Who is the main character of Zack Snyder’s 2011 mind-trip, Sucker Punch ? If you say Emily Browning’s Baby Doll, you would be…wrong. One of the greatest tricks Snyder pulled on unsuspecting audiences in March of 2011 is selling the film off of Emily Browning’s battle through the world of imagination, when the movie is actually based around Abbie Cornish’s Sweet Pea- and Baby Doll is only in her head, so for this character spotlight we’ll explore Sucker Punch‘s main ass-kicking chick: Sweet Pea.
As the film begins, Sweet Pea tells us:
Everyone has an Angel. A Guardian who watches over us. We can’t know what form they’ll take. One day, old man. Next day, little girl. But don’t let appearances fool you, they can be as fierce as any dragon. Yet they’re not here to fight our battles, but to whisper from our heart. Reminding that it’s us. Its everyone of us who holds power over the world we create.
She says this as Emily Browning’s Baby Doll is revealed on a stage, after the curtains open. Snyder immediately sets up a dynamic that separates those who saw the film from those that watched the film. After a moving and heartbreaking sequence where Baby Doll is sent to the institution, the first moment the audience sees Sweet Pea she is dressed up as Baby Doll is later in the film, practicing a routine that strangely involves a lobotomy.
Sweet Pea is a fractured character, a woman who invents a guardian for herself- not as a big tough man or as a kick-ass robot or anything like that; but as simply a somewhat fragile blonde girl. A girl who is scantily-clad who encompasses all of Sweet Pea’s fears and doubts, and eventually her retribution.
It’s difficult to analyze Sweet Pea because there’s no clear distinction between when Sweet Pea ends and Baby Doll begins, psychologically speaking, which is what makes Sucker Punch such a devilishly unique film in it’s own right. Sweet Pea, though, has to suffer through a lot and begins to know the true meaning of sacrifice after she loses Rocket (much as Baby Doll lost her own sister). A fighter through and through, Sweet Pea favors automatic weapons as well as a knife in close quarters situations ( as seen during the siege of the castle, in the attempt to get the fire.)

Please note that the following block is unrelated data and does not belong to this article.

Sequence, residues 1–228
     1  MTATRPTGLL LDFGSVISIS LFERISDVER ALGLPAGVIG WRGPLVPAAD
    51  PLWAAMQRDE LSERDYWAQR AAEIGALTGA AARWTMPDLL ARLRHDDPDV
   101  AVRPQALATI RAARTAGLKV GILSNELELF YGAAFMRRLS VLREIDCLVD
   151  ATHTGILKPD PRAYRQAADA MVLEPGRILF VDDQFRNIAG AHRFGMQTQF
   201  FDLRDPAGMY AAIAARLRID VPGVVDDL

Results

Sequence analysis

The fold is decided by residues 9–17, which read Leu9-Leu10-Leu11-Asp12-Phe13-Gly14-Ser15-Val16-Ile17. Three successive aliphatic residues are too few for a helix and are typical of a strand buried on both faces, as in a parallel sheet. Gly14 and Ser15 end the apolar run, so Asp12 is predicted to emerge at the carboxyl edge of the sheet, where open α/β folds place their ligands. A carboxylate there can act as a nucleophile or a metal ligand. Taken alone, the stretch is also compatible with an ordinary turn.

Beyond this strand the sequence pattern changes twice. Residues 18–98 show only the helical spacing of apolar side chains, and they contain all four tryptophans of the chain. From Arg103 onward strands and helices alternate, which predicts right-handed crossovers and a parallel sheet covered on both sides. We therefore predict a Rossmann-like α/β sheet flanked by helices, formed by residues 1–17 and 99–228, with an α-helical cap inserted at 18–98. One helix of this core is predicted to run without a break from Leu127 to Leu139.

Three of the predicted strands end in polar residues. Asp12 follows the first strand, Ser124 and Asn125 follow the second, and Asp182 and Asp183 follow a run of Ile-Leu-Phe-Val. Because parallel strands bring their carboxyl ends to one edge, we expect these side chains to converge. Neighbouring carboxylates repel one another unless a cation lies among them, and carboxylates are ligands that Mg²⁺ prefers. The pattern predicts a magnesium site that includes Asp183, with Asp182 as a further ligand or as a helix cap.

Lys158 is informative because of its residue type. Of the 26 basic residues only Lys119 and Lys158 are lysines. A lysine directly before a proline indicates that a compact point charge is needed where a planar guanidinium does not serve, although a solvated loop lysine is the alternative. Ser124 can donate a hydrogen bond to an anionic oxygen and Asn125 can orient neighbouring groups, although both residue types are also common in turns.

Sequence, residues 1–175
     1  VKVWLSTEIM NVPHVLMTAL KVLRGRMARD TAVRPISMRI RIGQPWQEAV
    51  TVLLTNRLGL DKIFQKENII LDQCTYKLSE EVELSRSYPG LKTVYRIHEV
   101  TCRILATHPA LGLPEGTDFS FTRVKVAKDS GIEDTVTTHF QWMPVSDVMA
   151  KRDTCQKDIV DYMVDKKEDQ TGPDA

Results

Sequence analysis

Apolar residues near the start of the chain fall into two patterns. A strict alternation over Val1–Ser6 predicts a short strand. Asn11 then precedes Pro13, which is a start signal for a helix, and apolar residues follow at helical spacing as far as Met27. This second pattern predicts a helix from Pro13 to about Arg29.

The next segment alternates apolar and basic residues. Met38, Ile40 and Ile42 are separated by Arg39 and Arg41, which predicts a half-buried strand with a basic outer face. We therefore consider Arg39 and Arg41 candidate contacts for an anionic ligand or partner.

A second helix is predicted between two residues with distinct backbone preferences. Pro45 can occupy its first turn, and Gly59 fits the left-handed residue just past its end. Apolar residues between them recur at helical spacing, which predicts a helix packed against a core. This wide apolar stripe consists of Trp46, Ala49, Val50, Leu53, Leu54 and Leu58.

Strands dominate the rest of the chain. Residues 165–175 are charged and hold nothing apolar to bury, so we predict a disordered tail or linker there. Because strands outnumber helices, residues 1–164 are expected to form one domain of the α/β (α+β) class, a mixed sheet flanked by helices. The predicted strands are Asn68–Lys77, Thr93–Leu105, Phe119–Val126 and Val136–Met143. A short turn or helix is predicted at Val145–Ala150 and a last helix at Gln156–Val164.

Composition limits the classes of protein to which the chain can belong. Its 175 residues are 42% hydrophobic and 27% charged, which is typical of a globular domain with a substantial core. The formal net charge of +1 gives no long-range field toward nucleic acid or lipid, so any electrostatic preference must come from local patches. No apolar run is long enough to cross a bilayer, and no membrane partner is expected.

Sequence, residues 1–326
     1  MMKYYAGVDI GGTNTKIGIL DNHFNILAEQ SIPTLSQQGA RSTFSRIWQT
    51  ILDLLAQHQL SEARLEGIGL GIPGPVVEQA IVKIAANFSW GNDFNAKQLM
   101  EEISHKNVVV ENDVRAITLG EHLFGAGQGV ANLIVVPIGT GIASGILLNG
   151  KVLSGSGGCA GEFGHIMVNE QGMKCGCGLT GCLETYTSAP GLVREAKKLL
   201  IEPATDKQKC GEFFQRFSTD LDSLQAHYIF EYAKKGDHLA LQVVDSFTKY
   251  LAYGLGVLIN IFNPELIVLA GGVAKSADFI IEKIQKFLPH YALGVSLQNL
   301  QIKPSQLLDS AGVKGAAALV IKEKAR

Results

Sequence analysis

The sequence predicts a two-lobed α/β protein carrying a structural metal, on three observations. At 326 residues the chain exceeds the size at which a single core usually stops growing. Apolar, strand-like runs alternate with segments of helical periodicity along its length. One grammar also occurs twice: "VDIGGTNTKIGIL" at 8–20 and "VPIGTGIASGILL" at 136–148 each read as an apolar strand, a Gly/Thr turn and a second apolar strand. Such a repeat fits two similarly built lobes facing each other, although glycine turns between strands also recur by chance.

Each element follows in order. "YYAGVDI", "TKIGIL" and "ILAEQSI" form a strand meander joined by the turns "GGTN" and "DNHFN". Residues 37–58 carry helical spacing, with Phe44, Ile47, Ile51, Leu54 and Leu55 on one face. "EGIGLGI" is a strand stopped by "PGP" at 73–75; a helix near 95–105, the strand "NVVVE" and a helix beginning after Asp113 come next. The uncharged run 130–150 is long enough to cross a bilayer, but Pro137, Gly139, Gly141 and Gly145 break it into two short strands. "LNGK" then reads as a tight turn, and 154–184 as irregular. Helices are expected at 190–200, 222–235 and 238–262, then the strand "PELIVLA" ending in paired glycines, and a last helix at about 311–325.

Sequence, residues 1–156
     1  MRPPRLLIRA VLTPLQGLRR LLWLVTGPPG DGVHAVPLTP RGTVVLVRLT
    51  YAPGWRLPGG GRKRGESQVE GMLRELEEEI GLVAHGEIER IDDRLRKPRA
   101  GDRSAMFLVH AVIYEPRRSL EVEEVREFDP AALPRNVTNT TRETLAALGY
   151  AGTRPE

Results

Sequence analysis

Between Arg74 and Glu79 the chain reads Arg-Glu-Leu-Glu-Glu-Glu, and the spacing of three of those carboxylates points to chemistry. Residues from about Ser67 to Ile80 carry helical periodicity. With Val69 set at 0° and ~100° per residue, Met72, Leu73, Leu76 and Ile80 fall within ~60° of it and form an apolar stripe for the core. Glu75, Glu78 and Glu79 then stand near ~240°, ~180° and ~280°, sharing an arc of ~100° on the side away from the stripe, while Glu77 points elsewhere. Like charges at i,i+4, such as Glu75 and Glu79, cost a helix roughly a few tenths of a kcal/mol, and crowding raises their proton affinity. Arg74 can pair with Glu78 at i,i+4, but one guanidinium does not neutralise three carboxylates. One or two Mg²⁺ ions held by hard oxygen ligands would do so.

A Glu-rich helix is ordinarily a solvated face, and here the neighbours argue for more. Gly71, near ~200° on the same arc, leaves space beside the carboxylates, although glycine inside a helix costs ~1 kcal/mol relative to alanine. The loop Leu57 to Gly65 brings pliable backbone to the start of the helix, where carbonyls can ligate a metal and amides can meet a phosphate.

Integral to the film as anyone else is, Sweet Pea is the definition of an action heroin- and some would argue Snyder’s film is about as misogynistic as they come, it actually has found more and more supports as time as gone on about it’s empowering message and themes.
Sweet Pea dismisses Baby Doll’s dancing as nothing but overtly sexual thrusting and gyrating. It’s not female empowerment; the only purpose the sexuality serves is to turn guys on, and that still leaves them in a place of being held under the sway of what guys want from them instead of what they want from themselves. So they devise a plan to gain freedom, this time using the power of their sexuality to hypnotize the men and hold them under their sway instead. It’s at this point that the film thrusts us into its several fanciful scenarios, each of which hopes to have exactly the same effect on any young men in the audience.
These action vignettes very deliberately pander to adolescent fantasy, dressing up the girls in fetishistic garb that highlights their thighs, midriffs and frequent upskirts. But just as the girls continue to take back control from the men in the real world, their physical appearance in the action fantasy worlds gradually takes a backseat to their ability to simply kick a ludicrous amount of ass, in very much the same way any male action star might. More importantly, by unifying and fighting together — in both worlds — the girls are able to put forth the effort needed to defy the physically imposing monsters who aim to keep them in their place. They’re fighting to take back the control that’s been taken from them.
-/Film, Adam Quigley.
And Scott Mendelson (Huffington Post):
It is a tricky thing that Zack Snyder was trying to do, making a genuinely bleak and depressing film about sexualization of women in pop culture as well as real life, while using some of those cliches to tell that story. But beneath the outfits and the very idea that attractive women with guns can qualify as titillating, there is next to no actual sexual material, and really Baby Doll (Emily Browning) is the only female character who is overly fetishized (the rest of the girls are basically attractive young women dressed in battle gear). The critics who complaint about empowerment missed the point — it’s not supposed to be empowering. You’re SUPPOSED to notice the creepy undertones, the fact that these action scenes are basically a mental distraction for Baby Doll as she is sexually exploited. My first thought coming out of the movie was (pardon the crudeness): “Zach Snyder just madeWhile he raped me, I closed my eyes and imagined myself somewhere else: The Movie.” Pointing out that the film is not empowering is not a criticism, merely an objective statement regarding the film’s overall tone. Films involving females do not have to be empowering. Feminism does not have to be empowering. It can exist merely to expose a problem involving gender relations.
Sweet Pea is essentially the film’s guiding light through it’s bleak, fantastically brutal and depressing landscape, and she’s the only character to actually “survive” through the ordeals she and the girls are put through. Snyder never lacks for strong women, and Sweet Pea might be the toughest of all.